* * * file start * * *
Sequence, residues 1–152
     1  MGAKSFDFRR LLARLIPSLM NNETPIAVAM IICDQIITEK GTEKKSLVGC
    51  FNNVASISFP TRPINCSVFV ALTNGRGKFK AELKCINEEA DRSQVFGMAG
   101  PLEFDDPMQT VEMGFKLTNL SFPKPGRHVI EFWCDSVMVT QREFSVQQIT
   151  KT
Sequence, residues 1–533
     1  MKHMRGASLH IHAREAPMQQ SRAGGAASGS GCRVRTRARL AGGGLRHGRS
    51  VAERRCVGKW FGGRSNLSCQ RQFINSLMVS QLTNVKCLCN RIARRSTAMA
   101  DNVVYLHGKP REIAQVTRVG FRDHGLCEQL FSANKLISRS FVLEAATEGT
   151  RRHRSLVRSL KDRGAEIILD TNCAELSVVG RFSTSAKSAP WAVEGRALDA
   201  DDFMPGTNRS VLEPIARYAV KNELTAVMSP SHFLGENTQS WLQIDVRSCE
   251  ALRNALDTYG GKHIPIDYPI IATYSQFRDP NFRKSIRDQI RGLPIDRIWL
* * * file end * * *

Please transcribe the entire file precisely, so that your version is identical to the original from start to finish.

Sequence, residues 1–152
     1  MGAKSFDFRR LLARLIPSLM NNETPIAVAM IICDQIITEK GTEKKSLVGC
    51  FNNVASISFP TRPINCSVFV ALTNGRGKFK AELKCINEEA DRSQVFGMAG
   101  PLEFDDPMQT VEMGFKLTNL SFPKPGRHVI EFWCDSVMVT QREFSVQQIT
   151  KT
Sequence, residues 1–533
     1  MKHMRGASLH IHAREAPMQQ SRAGGAASGS GCRVRTRARL AGGGLRHGRS
    51  VAERRCVGKW FGGRSNLSCQ RQFINSLMVS QLTNVKCLCN RIARRSTAMA
   101  DNVVYLHGKP REIAQVTRVG FRDHGLCEQL FSANKLISRS FVLEAATEGT
   151  RRHRSLVRSL KDRGAEIILD TNCAELSVVG RFSTSAKSAP WAVEGRALDA
   201  DDFMPGTNRS VLEPIARYAV KNELTAVMSP SHFLGENTQS WLQIDVRSCE
   251  ALRNALDTYG GKHIPIDYPI IATYSQFRDP NFRKSIRDQI RGLPIDRIWL